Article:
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Raising and Discussing Fears and Anxieties

By: Jeff Durham - Updated: 9 Oct 2012 | comments*Discuss
 
Discussing Your Fears Discussing Your

When it comes to discussing fears and anxieties we may be experiencing in life we’ll have often been subject to a lot of contradictory advice over our lifetime.

We’ll all be familiar with our parents telling us as children that we should talk to them if anything is troubling us. As children, many things arise that seem terribly daunting and frightening yet it is only because of our lack of experience and our tender age that we’d often create gigantic mountains out of mole hills only for our parents to come to our rescue and put everything into some kind of rational perspective which we could all understand and which would alleviate, or at least greatly diminish our fears.

However, the real problems arise when it’s us that become the adults. This is because we are also wrongly taught that, as adults, we should always be able to cope with whatever is thrown at us. Therefore, many of us go through our adult life accumulating our own grown-up fears and anxieties, yet feel that we should keep these bottled up within as we should be able to cope.

Quite clearly, this is simply not true and many adults have their lives destroyed by harbouring fears and worries that they simply feel they cannot discuss with anybody. This is not only physically and mentally damaging to the individual but can also affect those living around the person who is going through such emotional turmoil.

The Benefits of Discussing our Emotional Problems

We all need to break away from the old, traditional mindset that we should always be able to cope as adults and that we should always find our own solutions to the fears and anxieties which we may have to conquer in our adult lives.

By discussing your fears and anxieties, you can ease your burden and another adult’s perspective can often have a great impact upon your own perception of events and can help you overcome your fears more quickly. It’s also true that as adults, we tend to be very aware when things don’t seem quite right about a person we are close to and it’s often quite easy to detect that a person is feeling anxious or worried, even though we may not know why. Therefore, by discussing our concerns with loved ones, it not only helps us but also helps them to understand why we feel as we do and puts them in a better position to help us.

Choosing Your Confidantes

Issues surrounding fear and anxiety are all tied in to our emotional and mental well-being and, as much as there have been plenty of awareness campaigns and a lot of effort into eliminating the stigma of mentally related illnesses, there still remains an element of prejudice and stigma attached to emotionally worried or disturbed illnesses and conditions. This is primarily due to the fear of it being an illness or condition which we cannot visibly see and because of a lack of knowledge and awareness amongst people in general.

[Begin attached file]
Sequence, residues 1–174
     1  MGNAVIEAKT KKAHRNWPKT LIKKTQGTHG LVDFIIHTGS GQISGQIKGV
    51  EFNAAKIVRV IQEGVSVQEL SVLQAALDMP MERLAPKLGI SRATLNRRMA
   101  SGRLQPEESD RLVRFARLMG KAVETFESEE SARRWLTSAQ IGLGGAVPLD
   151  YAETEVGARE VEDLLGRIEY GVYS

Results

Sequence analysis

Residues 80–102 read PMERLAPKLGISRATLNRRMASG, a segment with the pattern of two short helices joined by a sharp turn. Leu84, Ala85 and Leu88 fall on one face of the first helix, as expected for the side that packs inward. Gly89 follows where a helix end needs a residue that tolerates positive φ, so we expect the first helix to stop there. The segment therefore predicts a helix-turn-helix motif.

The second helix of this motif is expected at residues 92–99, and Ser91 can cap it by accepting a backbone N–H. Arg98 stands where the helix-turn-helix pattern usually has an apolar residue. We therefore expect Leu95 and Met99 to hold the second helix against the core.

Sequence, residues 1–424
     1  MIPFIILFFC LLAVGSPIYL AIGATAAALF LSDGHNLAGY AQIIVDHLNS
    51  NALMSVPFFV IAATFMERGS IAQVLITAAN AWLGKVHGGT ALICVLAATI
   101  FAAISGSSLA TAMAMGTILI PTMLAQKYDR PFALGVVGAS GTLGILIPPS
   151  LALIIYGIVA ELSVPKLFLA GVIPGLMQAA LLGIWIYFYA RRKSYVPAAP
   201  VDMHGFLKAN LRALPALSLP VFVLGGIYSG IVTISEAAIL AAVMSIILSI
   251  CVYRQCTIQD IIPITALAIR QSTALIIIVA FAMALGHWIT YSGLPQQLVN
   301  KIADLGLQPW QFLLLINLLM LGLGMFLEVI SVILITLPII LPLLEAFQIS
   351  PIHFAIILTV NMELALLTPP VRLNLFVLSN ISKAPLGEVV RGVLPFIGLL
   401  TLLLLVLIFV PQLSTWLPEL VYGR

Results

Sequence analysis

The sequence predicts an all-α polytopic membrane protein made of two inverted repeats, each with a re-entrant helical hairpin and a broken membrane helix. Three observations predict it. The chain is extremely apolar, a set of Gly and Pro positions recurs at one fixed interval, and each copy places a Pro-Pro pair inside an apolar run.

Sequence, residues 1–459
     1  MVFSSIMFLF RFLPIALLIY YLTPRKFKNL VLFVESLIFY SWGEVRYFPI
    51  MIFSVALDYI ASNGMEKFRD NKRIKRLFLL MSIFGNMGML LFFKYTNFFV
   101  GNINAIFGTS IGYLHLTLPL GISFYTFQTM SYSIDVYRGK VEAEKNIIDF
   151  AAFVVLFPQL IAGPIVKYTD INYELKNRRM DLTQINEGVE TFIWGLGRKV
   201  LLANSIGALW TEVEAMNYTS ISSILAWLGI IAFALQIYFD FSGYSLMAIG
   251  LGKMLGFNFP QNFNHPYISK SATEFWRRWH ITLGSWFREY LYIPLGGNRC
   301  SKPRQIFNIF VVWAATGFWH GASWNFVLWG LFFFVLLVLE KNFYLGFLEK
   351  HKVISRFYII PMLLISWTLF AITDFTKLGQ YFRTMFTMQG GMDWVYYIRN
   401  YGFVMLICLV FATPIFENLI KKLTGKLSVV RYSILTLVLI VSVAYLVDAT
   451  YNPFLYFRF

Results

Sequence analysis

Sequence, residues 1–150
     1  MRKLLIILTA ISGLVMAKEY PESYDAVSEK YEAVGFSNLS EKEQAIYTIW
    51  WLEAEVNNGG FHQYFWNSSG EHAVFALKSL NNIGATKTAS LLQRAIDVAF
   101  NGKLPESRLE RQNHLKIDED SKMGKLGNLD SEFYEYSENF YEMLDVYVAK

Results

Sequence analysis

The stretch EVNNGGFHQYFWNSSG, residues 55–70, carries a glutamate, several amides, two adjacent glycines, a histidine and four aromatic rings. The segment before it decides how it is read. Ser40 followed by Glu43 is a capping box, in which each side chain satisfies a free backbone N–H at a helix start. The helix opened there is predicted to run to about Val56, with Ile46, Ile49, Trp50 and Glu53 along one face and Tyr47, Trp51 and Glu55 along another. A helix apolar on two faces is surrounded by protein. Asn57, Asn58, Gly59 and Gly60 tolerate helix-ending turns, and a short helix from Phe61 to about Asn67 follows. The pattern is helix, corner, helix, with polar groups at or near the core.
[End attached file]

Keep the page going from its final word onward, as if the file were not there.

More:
In raising and discussing our fears and anxieties, we should choose our confidantes carefully as some will be compassionate yet others may be too quick to be judgemental. Therefore, it’s important to decide who to tell and how much to tell them.No-one can know for certain how to make those choices the right ones. All you can rely on is your gut instinct. However, you’ll almost certainly know one or two people whom you’re fairly sure you can rely on to have your best interests at heart and these are usually the people you would turn to first.

As we feel more confident in discussing our worries with a trusted confidante(s), it helps us regain control over our life and enables us to come to terms with our feelings and experiences. It also helps us to conquer our fears and to move on with our lives in terms of re-establishing goals for ourselves.

Using Professional Help

For some people who simply don’t feel that they can trust friends or family members or work colleagues with their deepest, darkest fears and anxieties or they feel uncomfortable in discussing these issues with those who are closest to them, there are many professional outlets that you can turn to instead. Starting with your GP who will treat everything you tell them in confidence, they will be able to refer you to experts within the mental health field who will be able to listen to your concerns and will help you to conquer your fears and to move forward again without fear and worry.

The problem with fear and anxiety is that once it has taken a grip of you, it can often seem to be something that you are going to be stuck with forever and, no matter how hard you try to battle it on your own, the problems can just seem to get bigger and bigger. However, this is rarely the actual reality of the situation – it’s just your perception of it. Therefore, the sooner you do take steps to discuss these issues be that with friends, family or professionals or a combination of them all, the sooner your life will be free from fear and worry.

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I think this article gets it right in saying choose your confidantes wisely...you can't just confide in anyone. Choose someone who is too close to you and they will take on your worries and anxieties to much. Choose someone who perhaps relies on you to perform a business function for example - then their perception of you as being cable to do your job may alter. Friends and family are great for certain things but sometimes you need to find someone who is more detached.
LifesABreeze - 17-May-12 @ 10:02 AM
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